By Jim Warren — jwarren [at] herald-leader [dot] com

Posted: 12:12pm on Feb 7, 2012; Modified: 2:20pm on Feb 7, 2012

Read more here:

Fayette County school district officials said Tuesday fast action by an athletic trainer, safety procedures that worked according to plan and some good fortune came into play after eighth-grader collapsed at a baseball conditioning drill Monday afternoon.
The Jessie Clark Middle School student, identified as Benjamin Highland, was reported in critical condition Tuesday morning at University of Kentucky Chandler Hospital. The incident occurred about 5:30 p.m. on the baseball field at Lafayette High School.

Maybe you can help me understand why.

What follows is a recounting of something that happens every day. But it almost always only happens when someone steps up and performs Bystander CPR.

Why is it that Bystander CPR is performed only one third of the time?

Seriously, I'd like to have your opinion. We're trying to fix the problem, and while almost everybody says "Hey. That's a good idea. I need to get trained." it's rare to find a population that is more than 35% trained, and only a third of the cardiac arrest victims receive bystander CPR.

Here's the story of another save.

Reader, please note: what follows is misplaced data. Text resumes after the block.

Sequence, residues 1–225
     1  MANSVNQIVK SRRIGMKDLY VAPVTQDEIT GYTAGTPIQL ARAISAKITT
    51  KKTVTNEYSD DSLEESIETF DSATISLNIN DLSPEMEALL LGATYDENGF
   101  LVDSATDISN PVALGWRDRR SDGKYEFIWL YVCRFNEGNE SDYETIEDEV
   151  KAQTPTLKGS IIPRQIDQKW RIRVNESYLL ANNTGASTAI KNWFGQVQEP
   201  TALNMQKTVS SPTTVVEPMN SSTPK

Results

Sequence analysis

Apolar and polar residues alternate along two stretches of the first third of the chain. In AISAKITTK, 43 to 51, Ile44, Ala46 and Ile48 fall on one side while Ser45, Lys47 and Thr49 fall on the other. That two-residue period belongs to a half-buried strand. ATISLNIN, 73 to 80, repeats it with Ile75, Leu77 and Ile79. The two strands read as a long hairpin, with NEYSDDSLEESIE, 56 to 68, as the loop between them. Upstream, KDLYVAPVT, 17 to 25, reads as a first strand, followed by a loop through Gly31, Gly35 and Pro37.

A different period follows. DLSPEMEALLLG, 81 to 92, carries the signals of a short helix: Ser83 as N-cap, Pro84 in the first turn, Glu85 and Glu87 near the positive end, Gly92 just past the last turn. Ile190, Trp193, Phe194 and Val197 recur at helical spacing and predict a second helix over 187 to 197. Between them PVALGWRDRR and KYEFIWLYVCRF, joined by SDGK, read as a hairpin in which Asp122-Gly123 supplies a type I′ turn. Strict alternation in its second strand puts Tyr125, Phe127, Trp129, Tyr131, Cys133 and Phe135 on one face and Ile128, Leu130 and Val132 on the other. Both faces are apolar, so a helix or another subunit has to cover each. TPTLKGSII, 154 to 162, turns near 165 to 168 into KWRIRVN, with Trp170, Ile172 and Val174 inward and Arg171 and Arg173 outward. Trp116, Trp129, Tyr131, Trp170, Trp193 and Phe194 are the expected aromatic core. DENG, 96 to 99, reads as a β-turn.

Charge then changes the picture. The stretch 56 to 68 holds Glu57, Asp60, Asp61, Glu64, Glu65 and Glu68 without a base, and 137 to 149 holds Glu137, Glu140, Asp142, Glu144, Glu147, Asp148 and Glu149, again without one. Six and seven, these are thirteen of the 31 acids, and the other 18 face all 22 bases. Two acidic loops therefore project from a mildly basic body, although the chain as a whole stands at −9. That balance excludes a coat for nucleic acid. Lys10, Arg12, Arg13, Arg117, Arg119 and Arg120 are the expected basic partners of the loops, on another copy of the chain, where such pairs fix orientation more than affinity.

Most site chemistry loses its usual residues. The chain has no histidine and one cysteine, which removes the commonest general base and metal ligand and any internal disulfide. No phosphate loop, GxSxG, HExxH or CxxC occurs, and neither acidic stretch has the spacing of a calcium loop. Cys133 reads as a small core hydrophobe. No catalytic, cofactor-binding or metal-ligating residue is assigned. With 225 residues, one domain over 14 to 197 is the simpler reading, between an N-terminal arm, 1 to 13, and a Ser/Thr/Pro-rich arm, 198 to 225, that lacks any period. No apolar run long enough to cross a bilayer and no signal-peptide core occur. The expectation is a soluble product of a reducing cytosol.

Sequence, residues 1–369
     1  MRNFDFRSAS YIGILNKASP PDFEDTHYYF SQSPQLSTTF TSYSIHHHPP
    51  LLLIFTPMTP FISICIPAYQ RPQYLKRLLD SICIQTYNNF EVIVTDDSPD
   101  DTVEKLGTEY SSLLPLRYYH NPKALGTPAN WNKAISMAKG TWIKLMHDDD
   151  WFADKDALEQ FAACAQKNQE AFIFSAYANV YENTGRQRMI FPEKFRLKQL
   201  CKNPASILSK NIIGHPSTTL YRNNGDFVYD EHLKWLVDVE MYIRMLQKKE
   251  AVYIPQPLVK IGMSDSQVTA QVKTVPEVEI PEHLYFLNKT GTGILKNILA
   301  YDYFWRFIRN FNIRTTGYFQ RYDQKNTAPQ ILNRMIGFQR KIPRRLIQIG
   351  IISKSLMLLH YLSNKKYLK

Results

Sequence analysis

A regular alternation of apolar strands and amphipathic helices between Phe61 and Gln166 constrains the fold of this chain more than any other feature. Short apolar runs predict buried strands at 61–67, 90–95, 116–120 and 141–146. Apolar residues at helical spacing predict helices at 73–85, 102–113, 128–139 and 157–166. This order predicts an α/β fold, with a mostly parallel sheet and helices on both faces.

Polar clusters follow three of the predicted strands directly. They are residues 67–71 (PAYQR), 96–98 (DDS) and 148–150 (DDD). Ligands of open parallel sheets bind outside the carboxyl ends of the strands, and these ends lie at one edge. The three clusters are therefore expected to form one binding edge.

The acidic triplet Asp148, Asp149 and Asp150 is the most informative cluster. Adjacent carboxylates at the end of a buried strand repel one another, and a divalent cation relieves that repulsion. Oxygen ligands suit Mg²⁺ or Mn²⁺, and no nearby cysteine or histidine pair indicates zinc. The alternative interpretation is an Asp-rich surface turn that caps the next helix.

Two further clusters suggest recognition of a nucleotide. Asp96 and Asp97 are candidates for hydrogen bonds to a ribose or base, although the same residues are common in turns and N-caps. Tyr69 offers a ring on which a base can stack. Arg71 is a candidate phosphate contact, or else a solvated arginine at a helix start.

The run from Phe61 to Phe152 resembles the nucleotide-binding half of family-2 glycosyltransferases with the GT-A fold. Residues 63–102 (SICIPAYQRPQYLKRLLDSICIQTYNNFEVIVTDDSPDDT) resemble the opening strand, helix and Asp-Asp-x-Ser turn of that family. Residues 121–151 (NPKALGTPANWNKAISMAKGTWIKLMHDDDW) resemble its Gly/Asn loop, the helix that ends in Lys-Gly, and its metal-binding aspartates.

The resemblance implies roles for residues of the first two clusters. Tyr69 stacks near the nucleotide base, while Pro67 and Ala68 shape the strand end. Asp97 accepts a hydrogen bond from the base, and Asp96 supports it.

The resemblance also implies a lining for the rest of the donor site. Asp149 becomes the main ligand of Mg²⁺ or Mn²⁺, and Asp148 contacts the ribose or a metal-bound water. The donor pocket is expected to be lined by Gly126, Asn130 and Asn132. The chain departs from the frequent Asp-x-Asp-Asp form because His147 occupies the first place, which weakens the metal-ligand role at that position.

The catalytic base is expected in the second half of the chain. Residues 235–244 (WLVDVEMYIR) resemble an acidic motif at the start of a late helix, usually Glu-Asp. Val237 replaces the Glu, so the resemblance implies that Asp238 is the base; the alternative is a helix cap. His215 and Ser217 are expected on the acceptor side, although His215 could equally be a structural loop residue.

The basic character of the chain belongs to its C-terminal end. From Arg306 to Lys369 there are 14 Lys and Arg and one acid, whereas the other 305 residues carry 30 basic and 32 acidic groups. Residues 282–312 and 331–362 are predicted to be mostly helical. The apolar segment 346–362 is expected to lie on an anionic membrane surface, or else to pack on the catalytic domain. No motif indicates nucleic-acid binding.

Lafayette General honored a Lafayette woman with the Making a Difference award for going above and beyond, giving life saving CPR to a jogger who had collapsed.

Monday, January 9th started as any other day for Gary Dodson. He went to work and then around 11:30 went home for lunch and was planning on continuing his normal routine.

Skip getting trained & maybe your psychiatrist will be able to buy that new car.

Acadiana bureau
February 04, 2012

“I’m a living example: This is what knowing CPR can do.” Gary Dodson, who received CPR after a heart attack while jogging

LAFAYETTE — For years, Gary Dodson put off attending free bystander CPR training held annually at the Cajundome.

But that changed this year, he told a crowd gathered in the lobby of Lafayette General Medical Center.

“You can make a difference. … Everyone needs to know it,” he said.

And no one knows that better than Dodson, who suffered a sudden cardiac arrest Jan. 9 while jogging in Girard Park.

“My heart stopped,” Dodson said.